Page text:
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Observations

Observations

Opinion, arguments & analyses from the editors of Scientific American

  • Now You Can

    Now You Can "Hear" Climate Change [Video]

    By Mark Fischetti | May 21, 2015 |

    Want a visceral sense of how much temperatures around the Northern Hemisphere are  deviating from average ? Well, have a listen. University of Minnesota geography student and super cello player Daniel Crawford has composed a two-and-a-half minute piece for string quartet that let’s you hear the temperature change from 1880 to 2014. […]

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  • Archaeologists Take Wrong Turn, Find World's Oldest Stone Tools [Update]

    Archaeologists Take Wrong Turn, Find World's Oldest Stone Tools [Update]

    By Kate Wong | May 20, 2015 |

    Archaeologists Sonia Harmand and Jason Lewis of Stony Brook University examine the oldest stone tools in the world, discovered at a site called Lomekwi 3 in Kenya. Image: MPK-WTAP Editor’s note: This April 15 story has been updated with a new photo after the publication of a paper in the May 21 Nature by archaeologist Sonia Harmand of Stony Brook University and her colleagues, who describe their discovery of the oldest stone tools in the world. […]

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  • Black Hole "Blazars" Reveal Hidden Side of the Universe [Video]

    By Clara Moskowitz | May 19, 2015 |

    Blazars, some of the most powerful phenomena in the universe, are gigantic black holes at the centers of galaxies that are gorging on matter and shooting out jets of particles and light. This light is so bright astronomers can spot blazars from billions of light-years across the universe. […]

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  • House GOP Revives Bill to Block Late-Term Abortions, Armed with New Preemie Viability Data

    House GOP Revives Bill to Block Late-Term Abortions, Armed with New Preemie Viability Data

    By Dina Fine Maron | May 11, 2015 |

    On the heels of new research that revealed more infants born at 22 weeks are able to survive than was previously thought, Republican leaders in the U.S House of Representatives have dusted off a late-term abortion bill for a vote, although chances of it becoming law seem distant. […]

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  • MESSENGER’s Mercurial Swan Song and Other Interplanetary Smashups

    By Lee Billings | April 29, 2015 |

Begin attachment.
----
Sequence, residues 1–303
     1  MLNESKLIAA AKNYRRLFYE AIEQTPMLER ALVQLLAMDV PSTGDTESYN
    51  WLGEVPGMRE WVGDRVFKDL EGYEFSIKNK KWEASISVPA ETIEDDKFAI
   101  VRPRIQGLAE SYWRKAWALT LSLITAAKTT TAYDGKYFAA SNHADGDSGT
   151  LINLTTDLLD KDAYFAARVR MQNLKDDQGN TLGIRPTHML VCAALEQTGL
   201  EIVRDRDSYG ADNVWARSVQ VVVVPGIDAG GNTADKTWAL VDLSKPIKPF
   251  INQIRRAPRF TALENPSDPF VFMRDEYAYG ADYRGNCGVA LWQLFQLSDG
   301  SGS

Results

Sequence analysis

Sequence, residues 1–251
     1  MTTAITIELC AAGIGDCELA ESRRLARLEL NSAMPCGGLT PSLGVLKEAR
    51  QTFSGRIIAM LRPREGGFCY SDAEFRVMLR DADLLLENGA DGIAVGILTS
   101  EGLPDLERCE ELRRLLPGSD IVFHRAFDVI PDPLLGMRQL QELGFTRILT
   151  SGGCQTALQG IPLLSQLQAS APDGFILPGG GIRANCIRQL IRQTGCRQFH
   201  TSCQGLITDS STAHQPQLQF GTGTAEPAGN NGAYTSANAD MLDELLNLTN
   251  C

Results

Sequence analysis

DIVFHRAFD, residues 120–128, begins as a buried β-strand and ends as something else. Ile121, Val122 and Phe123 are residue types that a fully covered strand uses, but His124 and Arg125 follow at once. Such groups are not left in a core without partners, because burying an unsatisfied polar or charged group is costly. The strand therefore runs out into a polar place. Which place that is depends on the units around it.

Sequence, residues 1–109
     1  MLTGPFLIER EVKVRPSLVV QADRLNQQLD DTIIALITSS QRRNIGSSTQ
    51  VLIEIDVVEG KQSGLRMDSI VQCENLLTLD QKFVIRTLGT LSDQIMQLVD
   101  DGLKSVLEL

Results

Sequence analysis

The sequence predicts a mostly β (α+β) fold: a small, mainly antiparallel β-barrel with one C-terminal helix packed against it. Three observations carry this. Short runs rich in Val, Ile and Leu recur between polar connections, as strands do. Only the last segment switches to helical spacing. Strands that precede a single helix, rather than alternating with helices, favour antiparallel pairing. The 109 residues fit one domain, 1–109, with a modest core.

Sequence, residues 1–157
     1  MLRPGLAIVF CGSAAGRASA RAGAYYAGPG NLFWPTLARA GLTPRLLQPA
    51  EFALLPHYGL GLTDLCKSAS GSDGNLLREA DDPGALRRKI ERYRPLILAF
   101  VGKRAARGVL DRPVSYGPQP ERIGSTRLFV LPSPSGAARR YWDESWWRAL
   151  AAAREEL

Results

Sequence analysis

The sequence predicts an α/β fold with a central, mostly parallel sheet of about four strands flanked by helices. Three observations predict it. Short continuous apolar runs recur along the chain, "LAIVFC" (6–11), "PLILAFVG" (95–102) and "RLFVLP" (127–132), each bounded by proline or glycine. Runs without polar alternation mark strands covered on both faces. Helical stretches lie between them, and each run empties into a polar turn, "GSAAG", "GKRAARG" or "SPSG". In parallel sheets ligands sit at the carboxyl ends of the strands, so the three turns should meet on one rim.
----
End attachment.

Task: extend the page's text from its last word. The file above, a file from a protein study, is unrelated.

NASA's MESSENGER is still snapping pictures of Mercury's surface as it spirals ever-closer for its mission-ending collision, scheduled for April 30. The smallest craters visible in this image are about 15 meters wide--the same size as the crater MESSENGER will carve out with its impact. […]

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  • Hubble's Repairman Reflects on the Telescope's Legacy

    By Lee Billings | April 24, 2015 |

    Former NASA astronaut Mike Massimino reflects on his role in the story of the Hubble Space Telescope. Twenty-five years ago, on April 24, 1990, the Hubble Space Telescope soared into orbit. Since then, its great discoveries have been legion, and the story of how it became the most successful and productive astronomical observatory in human history is destined to become legendary. […]

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  • Can the U.S. Go All-Electric?

    Can the U.S. Go All-Electric?

    By David Biello | April 22, 2015 |

    New homes wired with the latest smart gadgets cluster together around shared park spaces. Blue-black panels that transform sunshine into electricity grace a majority of roofs. Electric cars or hybrids glide silently to rest in garages. This is not some distant future; this is life today in Mueller–an innovative suburb of Austin, Tex., and just one of the pioneering places I visit in the next episode of “ Beyond the Light Switch ,” premiering tonight in Detroit. […]

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  • Supermassive Black Holes Make Merging Galaxies Green

    Supermassive Black Holes Make Merging Galaxies Green

    By Lee Billings | April 3, 2015 |

    Green, glowing whorls of ionized oxygen around the galaxy NGC 5972 may be due to a supermassive black hole's ancient feeding frenzy. Credit: NASA, ESA, and W. Keel (University of Alabama, Tuscaloosa) Green as a color can mean animal, vegetable or mineral. […]

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  • Against April Fools' in Science Journalism

    Against April Fools' in Science Journalism

    By Lee Billings | April 1, 2015 |

    Here Be Dragons: Science journalists are playing with fire when they humorously dupe readers. Image credit: Anderson, Wayne/Private Collection/Bridgeman Images My lowest point as a science journalist came before I even knew what a science journalist was. […]

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  • When Your Co-Author Is a Monstrous Ass

    When Your Co-Author Is a Monstrous Ass

    By Philip Yam | April 1, 2015 |

    Who hasn’t worked with a disagreeable person—and in the world of science publishing, authored a paper with one? That wasn’t exactly what went through the mind of William Hoover, a physicist at the Lawrence Livermore National Laboratory, when he included an Italian co-author to his 1987 paper. […]

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